their government, and to gradually encourage them with content and other
sorts of messaging, to create pools of dissidents and opposition activity.

What's funny about this is that in order to get this program up and
running and to sustain it, the front companies actually paid the Cuban
government-owned telephone company revenue for providing the
connectivity that was necessary, in order for this quasi-Twitter app to
function. So on the one hand, the Obama administration is working very
hard to enforce economic sanctions. On the other hand, through this
essentially covert program, is actually giving money to the Cuban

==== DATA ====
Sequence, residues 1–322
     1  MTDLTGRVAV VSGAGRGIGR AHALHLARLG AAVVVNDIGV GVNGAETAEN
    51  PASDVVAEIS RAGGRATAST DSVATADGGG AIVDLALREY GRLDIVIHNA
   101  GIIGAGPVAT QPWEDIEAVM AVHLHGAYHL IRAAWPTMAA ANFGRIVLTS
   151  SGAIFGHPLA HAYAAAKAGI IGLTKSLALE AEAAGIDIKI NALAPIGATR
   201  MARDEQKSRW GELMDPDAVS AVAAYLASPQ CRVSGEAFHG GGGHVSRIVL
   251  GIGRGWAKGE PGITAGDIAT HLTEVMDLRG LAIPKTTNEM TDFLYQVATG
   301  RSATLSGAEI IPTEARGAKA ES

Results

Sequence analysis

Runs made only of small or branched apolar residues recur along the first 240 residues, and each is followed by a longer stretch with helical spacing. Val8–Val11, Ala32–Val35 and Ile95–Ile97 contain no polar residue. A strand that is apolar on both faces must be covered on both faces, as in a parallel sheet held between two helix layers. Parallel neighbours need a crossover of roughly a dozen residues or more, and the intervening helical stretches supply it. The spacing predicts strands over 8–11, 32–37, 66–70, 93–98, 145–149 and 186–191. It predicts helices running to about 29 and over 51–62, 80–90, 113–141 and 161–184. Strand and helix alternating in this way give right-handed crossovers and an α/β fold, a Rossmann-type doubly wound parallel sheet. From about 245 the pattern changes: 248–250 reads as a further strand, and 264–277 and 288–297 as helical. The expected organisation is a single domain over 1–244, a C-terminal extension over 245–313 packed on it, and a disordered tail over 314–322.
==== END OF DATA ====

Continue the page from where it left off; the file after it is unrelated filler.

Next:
government.

GREENE: Well, let me ask you this, Julia Sweig: Could a program like
this backfire? I mean there are some who are suggesting that people who
are in countries around the world, who are genuinely trying to organize
protests using social media in difficult environments, this now gives a
leader the right to say: Look, I'm going to shut down social media
because this might be if foreign government trying to infiltrate.

SWEIG: Well, it certainly does have that potential. We saw that in Iran
over the last few years. But the truth is, David, on the Cuba front, I
think that this is not going to cause the Cuban government to shut down
the use of social media or to stop its strategy of trying to expand the
Internet digitally. Because I think the broader economic imperative is
that Cuba needs and Cubans need to have these tools.

So I do think it's going to just sharpening attitudes inside of the
Cuban government, where it would be better for the future if the two